an output stage, coupled to the drain of the p-channel modulating transistor, for generating the tracking bias voltage in proportion to the current conducted by the p-channel modulating transistor.
2. The bias circuit of claim 1, wherein the output stage comprises:
a current mirror, comprising:
a control transistor having a conduction path, and having a control electrode coupled to the drain of the p-channel modulating transistor;
a reference transistor, having a conduction path connected in series with the control transistor between the power supply voltage and a reference voltage, and having a control electrode;
a mirror transistor, having a control electrode connected to the control electrode of the reference transistor, and having a conduction path for conducting a mirrored current corresponding to current conducted by the reference transistor; and
a load, for conducting the mirrored current and for producing the tracking voltage responsive to the mirrored current.
3. The bias circuit of claim 2, further comprising:
an n-channel reference transistor, having a drain and gate connected to the drain of the p-channel modulating transistor and having a source biased by the reference voltage.
4. The bias circuit of claim 2, wherein the load comprises:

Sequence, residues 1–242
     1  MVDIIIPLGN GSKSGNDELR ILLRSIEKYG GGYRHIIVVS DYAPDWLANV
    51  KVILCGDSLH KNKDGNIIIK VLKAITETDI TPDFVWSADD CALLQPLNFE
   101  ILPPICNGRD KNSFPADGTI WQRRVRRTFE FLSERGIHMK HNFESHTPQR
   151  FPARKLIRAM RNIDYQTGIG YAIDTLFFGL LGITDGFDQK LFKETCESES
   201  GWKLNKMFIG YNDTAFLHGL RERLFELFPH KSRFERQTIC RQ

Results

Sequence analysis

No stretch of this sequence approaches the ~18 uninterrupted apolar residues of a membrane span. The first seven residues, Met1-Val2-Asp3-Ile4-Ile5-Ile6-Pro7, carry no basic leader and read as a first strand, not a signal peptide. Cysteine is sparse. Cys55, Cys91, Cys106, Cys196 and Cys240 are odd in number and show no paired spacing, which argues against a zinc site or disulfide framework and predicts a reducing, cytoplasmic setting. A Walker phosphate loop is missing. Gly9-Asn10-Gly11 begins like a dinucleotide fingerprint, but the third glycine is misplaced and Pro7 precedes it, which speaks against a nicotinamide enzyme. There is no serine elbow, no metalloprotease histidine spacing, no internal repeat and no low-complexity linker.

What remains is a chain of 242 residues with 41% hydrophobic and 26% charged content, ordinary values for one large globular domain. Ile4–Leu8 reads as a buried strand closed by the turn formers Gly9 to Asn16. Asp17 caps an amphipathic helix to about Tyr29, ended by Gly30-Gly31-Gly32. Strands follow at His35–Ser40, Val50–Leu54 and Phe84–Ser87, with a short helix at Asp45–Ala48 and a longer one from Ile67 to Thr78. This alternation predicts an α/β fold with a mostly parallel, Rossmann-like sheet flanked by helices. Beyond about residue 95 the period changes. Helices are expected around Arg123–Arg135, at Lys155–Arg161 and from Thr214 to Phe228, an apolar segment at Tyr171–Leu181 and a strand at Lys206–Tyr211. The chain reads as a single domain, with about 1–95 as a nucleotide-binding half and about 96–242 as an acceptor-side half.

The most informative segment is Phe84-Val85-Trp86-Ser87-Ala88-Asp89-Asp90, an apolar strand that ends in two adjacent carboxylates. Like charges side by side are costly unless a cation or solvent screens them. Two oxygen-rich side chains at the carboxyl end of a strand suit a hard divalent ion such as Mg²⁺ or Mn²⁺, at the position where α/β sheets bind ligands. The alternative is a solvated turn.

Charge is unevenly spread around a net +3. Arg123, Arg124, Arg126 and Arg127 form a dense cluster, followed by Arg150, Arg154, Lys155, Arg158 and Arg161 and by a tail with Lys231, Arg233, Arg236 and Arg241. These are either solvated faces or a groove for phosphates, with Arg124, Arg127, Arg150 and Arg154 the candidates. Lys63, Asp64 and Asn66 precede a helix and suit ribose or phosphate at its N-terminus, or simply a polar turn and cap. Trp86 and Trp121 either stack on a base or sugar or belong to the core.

a load transistor, having a conductive path connected between the mirror transistor and the reference voltage, and having a control terminal for receiving a voltage biasing the load transistor in the linear region.
5. The bias circuit of claim 2, wherein the load comprises a resistor.
6. The bias circuit of claim 2, wherein the load comprises a diode.
7. The bias circuit of claim 1, wherein the output stage comprises:
an n-channel reference transistor, having a drain and gate connected to the drain of the p-channel modulating transistor and having a source biased by the reference voltage;
an output transistor, having a gate connected to the gate of the n-channel reference transistor, and having a source/drain path; and
a load transistor, having a conduction path connected in series with the source/drain path of the output transistor between the power supply voltage and the reference voltage, and having a control electrode biased so that the load transistor is conductive;
wherein the tracking voltage is presented at a node between the conduction path of the load transistor and the source/drain path of the output transistor.
8. The bias circuit of claim 1, wherein the output stage comprises:
a load transistor, having a conduction path connected in series between the drain of the p-channel modulating transistor and the reference voltage, and having a control electrode biased so that the load transistor is conductive;
wherein the tracking voltage is presented at the drain of the p-channel modulating transistor.
9. The bias circuit of claim 1, wherein the differential stage circuit comprises:
a first current source, for conducting a sum current between a common node and the reference voltage;
a first control transistor in the first leg, having a conduction path connected on one side to the common node and having a control electrode connected to the voltage divider to receive the divided voltage therefrom;